Keep Techs Turning Wrenches

The season is upon us and your service department should be quickly filling up with work. While being busy is a great thing, if your shop is like most there is a good possibility that you are leaving valuable dollars on the floor. You need to monitor key measurements and take steps to improve your processes on a daily basis.   

Keep your techs in the shop

One of the first things to look at is what is happening to your technicians as a whole. Evaluate how often your service techs are in a position to produce billable time for your dealership. Are they spending time each day unloading trucks, helping with customers on the sales floor or behind the parts counter?

Any time a tech is pulled away from turning a wrench is time you are losing the ability to bill a customer for. It is not uncommon for a tech to have an hour a day of unapplied time—and your focus should be to reduce it to zero.

Measure and manage key numbers

The goal of the dealership is to do anything you can to make sure the techs are in their bays creating billable hours. As you look at your technicians, keeping an eye on productivity and efficiency will help you know if you are on track with maximizing your potential billable hours. 

When you think of productivity, think about measuring the amount of time a technician spends in his bay working on equipment versus the amount of time he is on the clock. As an example, if the technician is being paid for 8 hours of work and is moving and washing equipment, sweeping the floor, and emptying out used oil or trash cans for an hour and a half a day, then the amount of time they have left to spend in their bay producing is 6.5 hours. So the productivity for that tech would be 81%.

Technician efficiency is a measurement of the amount of billable time the technician produces versus the amount of time he is in a bay working on equipment. With efficiency we are measuring the amount of time the technician is in a position to make money and the money he is making for the dealership in that time.

As an example, if a technician installs a spindle on a zero-turn mower in 45 minutes and utilizes flat rating, the customer can be billed for 1 hour and the technician is 133% efficient.

For a service department to fully understand how it is operating, both productivity and efficiency must be measured and reviewed. Keep in mind that in most shops, 80% of the opportunity for improvement is in the area of productivity.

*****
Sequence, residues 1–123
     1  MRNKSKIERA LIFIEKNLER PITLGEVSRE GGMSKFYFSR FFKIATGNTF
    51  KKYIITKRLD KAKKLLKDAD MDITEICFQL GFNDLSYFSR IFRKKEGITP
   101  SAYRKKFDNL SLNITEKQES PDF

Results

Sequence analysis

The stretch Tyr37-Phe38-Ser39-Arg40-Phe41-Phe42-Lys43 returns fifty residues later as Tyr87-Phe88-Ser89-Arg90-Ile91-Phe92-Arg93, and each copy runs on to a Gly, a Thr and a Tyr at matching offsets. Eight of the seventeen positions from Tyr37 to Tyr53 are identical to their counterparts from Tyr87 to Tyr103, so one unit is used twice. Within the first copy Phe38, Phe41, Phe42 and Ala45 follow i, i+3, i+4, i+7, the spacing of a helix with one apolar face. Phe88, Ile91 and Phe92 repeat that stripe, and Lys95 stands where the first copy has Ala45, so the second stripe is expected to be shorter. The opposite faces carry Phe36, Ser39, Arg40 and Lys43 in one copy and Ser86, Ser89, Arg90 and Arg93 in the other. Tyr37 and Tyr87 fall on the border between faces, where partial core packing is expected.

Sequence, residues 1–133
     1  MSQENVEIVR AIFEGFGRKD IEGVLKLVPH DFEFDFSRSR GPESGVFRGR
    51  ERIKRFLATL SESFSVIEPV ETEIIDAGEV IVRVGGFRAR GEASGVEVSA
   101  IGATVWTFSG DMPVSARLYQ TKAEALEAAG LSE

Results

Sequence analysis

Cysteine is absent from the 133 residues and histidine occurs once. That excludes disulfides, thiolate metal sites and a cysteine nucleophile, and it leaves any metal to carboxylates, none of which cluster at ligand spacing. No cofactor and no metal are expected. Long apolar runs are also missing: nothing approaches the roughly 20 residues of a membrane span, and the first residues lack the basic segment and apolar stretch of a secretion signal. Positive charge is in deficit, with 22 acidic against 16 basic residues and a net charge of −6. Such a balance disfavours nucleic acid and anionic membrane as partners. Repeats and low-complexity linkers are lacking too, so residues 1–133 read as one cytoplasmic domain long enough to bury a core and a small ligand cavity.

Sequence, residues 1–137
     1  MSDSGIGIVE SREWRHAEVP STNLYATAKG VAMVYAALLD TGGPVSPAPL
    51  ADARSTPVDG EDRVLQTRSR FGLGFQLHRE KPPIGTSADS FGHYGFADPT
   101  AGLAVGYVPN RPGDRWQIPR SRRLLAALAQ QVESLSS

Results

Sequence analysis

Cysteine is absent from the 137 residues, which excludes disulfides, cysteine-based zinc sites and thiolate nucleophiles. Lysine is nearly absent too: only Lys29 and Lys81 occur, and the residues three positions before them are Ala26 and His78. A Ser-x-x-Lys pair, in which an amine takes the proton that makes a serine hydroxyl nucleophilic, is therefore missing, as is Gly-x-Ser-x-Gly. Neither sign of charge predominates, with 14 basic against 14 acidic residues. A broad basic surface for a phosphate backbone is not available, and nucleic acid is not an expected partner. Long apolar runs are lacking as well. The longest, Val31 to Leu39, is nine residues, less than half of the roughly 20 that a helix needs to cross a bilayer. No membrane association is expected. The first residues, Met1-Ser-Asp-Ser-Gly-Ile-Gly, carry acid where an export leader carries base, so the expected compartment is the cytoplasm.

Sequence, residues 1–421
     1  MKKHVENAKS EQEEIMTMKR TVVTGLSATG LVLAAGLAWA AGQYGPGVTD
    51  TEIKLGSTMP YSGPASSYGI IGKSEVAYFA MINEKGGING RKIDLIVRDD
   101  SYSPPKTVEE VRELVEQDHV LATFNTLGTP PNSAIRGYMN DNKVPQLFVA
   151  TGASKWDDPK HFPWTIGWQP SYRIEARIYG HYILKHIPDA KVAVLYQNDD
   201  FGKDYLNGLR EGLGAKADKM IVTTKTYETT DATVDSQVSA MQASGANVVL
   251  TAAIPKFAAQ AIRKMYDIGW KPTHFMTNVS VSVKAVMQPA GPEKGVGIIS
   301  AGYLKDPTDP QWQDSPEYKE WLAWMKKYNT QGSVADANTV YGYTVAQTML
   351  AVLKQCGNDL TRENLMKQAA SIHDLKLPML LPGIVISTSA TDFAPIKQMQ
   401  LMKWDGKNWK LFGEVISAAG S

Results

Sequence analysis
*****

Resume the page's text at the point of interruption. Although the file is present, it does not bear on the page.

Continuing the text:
Monitor your effective labor rate

Every owner and manager I work with knows what their posted labor rate is, but few have any idea what their effective labor rate is. The effective labor rate is an important measurement of how the service department is doing. The difference between the posted rate and the effective rate is the discounting of labor on work orders because of poor communication between the customer and the dealership on the cost of a repair, as well as the lack of full recovery of labor on warranty work from manufacturers.

If you have a technician that spends three hours diagnosing an electrical issue on a mower and you only bill the customer for 1.5 hours, you have reduced your posted labor rate by 50% on that particular job. If your posted labor rate is $80, then your effective labor rate would be $40.

This doesn’t happen on every job, but you want to measure all the labor write-downs you make. Track those that happen with customers and also manufacturers for unpaid warranty time, and from that calculate your effective labor rate.

In most of the dealerships I work with, their effective labor rate is 15% less than their posted labor rate. If your shop is producing $200,000 per year and your effective labor rate is 15% less than your posted rate, you are giving up $30,000 in net profit.

Quick tips to implement now

The question that has to be asked is, “How do I keep my technicians in their bay, turning out billable hours?” Here are some things to consider for making a technician's job easier and you more profitable.

  • Stage the next job for the technician so he doesn’t have to go to the lot and move three pieces of equipment to get the next piece he is going to work on.
  • Deliver parts to the technician's bay so he doesn’t have to stand at the edge of the parts counter and wait for the parts people to take care of the customers before him.
  • Be sure the technician has correct and thorough information about the work or service he is about to begin.
  • Encourage the service manager or service writer to get the cell phone number of the customer receiving service. Then the technician can get quick authorization to do work instead of needing to wait for a couple of days before they can move forward.    

By measuring and managing the right numbers in your service department, it can quickly become the most profitable part of your dealership.

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